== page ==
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Monetary and financial forces in the Great Depression

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  • Satyajit Chatterjee
  • Dean Corbae

Abstract

What caused the worldwide collapse in output from 1929 to 1933? Why was the recovery from the trough of 1933 so protracted for the U.S.? How costly was the decline in terms of welfare? Was the decline preventable? These are some of the questions that have motivated economists to study the Great Depression. In this paper, the authors review some of the economic literature that attempts to answer these questions.

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File URL: http://www.philadelphiafed.org/research-and-data/publications/working-papers/2006/wp06-12.pdf
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Bibliographic Info

Paper provided by Federal Reserve Bank of Philadelphia in its series Working Papers with number 06-12.

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Date of creation: 2006
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Handle: RePEc:fip:fedpwp:06-12

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Keywords: Depressions;

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  1. Michael D. Bordo & Christopher J. Erceg & Charles L. Evans, 1997. "Money, sticky wages, and the Great Depression," International Finance Discussion Papers 591, Board of Governors of the Federal Reserve System (U.S.).
  2. Bernanke, Ben S, 1983. "Nonmonetary Effects of the Financial Crisis in Propagation of the Great Depression," American Economic Review, American Economic Association, vol. 73(3), pages 257-76, June.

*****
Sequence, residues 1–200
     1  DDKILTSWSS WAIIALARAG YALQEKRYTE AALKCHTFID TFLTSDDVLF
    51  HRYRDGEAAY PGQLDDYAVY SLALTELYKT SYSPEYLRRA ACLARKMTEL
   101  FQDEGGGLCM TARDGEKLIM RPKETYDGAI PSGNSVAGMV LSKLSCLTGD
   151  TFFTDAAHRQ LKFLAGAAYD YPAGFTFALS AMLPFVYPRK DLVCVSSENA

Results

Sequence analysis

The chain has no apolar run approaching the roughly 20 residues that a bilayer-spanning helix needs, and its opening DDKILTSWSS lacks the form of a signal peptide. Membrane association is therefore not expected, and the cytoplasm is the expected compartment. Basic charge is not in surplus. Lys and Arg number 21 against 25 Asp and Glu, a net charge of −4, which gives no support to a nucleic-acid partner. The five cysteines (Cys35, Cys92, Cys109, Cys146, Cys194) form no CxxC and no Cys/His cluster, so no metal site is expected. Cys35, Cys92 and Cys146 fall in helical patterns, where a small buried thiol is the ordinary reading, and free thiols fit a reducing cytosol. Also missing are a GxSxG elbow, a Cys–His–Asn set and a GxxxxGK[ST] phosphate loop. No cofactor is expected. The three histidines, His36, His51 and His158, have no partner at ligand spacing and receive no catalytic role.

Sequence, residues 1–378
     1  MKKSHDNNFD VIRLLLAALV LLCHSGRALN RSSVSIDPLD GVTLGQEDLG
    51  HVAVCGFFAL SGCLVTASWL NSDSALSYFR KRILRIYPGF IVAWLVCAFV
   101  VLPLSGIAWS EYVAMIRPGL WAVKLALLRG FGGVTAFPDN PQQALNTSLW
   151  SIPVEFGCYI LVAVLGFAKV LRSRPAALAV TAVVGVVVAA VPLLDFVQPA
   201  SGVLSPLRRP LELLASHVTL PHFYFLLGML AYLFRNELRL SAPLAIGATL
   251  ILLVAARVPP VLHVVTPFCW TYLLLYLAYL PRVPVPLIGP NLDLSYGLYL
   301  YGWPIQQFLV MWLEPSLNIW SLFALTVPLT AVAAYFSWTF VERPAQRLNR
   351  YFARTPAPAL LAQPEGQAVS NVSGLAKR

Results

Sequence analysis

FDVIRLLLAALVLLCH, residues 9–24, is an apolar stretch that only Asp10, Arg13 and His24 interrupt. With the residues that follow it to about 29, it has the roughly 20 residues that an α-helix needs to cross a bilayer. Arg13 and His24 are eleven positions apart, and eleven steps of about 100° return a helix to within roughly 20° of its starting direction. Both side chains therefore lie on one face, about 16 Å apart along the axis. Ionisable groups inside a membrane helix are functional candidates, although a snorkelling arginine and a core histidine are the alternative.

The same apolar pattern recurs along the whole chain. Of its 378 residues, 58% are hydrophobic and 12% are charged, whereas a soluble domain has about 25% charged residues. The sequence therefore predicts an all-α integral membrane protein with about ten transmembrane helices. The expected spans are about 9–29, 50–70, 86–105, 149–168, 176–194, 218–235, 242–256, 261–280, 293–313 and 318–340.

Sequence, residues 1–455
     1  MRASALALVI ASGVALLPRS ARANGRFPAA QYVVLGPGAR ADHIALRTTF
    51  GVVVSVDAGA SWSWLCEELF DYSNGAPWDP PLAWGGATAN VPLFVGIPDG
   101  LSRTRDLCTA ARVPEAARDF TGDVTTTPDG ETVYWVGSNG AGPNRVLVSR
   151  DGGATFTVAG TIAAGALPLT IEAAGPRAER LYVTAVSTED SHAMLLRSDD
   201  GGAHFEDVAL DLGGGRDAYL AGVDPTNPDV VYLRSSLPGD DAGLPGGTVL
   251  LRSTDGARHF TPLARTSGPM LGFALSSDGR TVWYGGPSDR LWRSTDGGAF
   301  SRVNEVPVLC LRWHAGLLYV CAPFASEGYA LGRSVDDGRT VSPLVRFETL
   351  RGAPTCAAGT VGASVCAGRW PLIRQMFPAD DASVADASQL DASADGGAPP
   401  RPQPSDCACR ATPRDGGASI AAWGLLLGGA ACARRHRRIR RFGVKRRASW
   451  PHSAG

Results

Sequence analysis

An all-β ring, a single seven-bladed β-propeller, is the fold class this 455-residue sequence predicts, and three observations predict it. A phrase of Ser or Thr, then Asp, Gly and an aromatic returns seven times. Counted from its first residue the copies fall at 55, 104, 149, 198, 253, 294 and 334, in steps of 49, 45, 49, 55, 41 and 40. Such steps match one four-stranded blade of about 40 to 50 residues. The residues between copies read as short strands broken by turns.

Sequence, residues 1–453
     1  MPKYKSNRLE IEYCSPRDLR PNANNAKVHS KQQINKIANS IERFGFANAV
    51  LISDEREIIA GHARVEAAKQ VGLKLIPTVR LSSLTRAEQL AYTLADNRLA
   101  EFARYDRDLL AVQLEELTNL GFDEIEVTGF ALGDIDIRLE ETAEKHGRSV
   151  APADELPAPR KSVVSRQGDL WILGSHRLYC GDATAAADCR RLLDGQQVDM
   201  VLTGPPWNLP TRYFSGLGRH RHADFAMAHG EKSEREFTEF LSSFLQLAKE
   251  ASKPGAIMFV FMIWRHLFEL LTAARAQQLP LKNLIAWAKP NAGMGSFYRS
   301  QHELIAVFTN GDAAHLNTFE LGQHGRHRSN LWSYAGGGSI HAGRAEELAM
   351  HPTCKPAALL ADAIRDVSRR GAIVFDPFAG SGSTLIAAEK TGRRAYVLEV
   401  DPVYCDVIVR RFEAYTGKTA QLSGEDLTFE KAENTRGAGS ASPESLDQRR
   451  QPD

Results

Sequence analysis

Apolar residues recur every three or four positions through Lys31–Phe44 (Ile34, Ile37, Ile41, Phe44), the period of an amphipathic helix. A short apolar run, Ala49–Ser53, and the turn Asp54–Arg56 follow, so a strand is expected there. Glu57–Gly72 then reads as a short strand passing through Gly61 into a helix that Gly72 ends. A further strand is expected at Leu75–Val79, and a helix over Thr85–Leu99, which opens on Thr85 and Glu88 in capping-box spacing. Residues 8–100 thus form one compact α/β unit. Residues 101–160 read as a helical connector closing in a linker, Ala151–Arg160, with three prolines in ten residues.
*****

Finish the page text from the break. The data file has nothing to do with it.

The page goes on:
3. Timothy Kehoe & Edward Prescott, 2002. "Data Appendix to Great Depressions of the Twentieth Century," Technical Appendices kehoe02, Review of Economic Dynamics.
  4. Lee E. Ohanian, 2002. "Why did productivity fall so much during the Great Depression?," Quarterly Review, Federal Reserve Bank of Minneapolis, issue Spr.
  5. Bernanke, Ben S, 1995. "The Macroeconomics of the Great Depression: A Comparative Approach," Journal of Money, Credit and Banking, Blackwell Publishing, vol. 27(1), pages 1-28, February.
  6. Christiano, Lawrence & Motto, Roberto & Rostagno, Massimo, 2004. "The Great Depression and the Friedman-Schwartz hypothesis," Working Paper Series 0326, European Central Bank.
  7. Harold L. Cole & Lee E. Ohanian, 2001. "New Deal policies and the persistence of the Great Depression: a general equilibrium analysis," Working Papers 597, Federal Reserve Bank of Minneapolis.
  8. Chatterjee, Satyajit & Corbae, Dean, 2007. "On the aggregate welfare cost of Great Depression unemployment," Journal of Monetary Economics, Elsevier, vol. 54(6), pages 1529-1544, September.
  9. Mishkin, Frederic S., 1978. "The Household Balance Sheet and the Great Depression," The Journal of Economic History, Cambridge University Press, vol. 38(04), pages 918-937, December.
  10. Harold L. Cole & Lee E. Ohanian & Ron Leung, 2005. "Deflation and the International Great Depression: A Productivity Puzzle," NBER Working Papers 11237, National Bureau of Economic Research, Inc.
  11. Harold L. Cole & Lee E. Ohanian, 2000. "Re-examining the contributions of money and banking shocks to the U.S. Great Depression," Staff Report 270, Federal Reserve Bank of Minneapolis.
  12. Harold L. Cole & Lee E. Ohanian, 1999. "The Great Depression in the United States from a neoclassical perspective," Quarterly Review, Federal Reserve Bank of Minneapolis, issue Win, pages 2-24.
  13. Timothy J. Kehoe & Edward C. Prescott (), 2007. "Great depressions of the twentieth century," Monograph, Federal Reserve Bank of Minneapolis, number 2007gdott.
  14. Cooper, Russell & Corbae, Dean, 2002. "Financial Collapse: A Lesson from the Great Depression," Journal of Economic Theory, Elsevier, vol. 107(2), pages 159-190, December.
  15. Ben Bemanke & Harold James, 1991. "The Gold Standard, Deflation, and Financial Crisis in the Great Depression: An International Comparison," NBER Chapters, in: Financial Markets and Financial Crises, pages 33-68 National Bureau of Economic Research, Inc.
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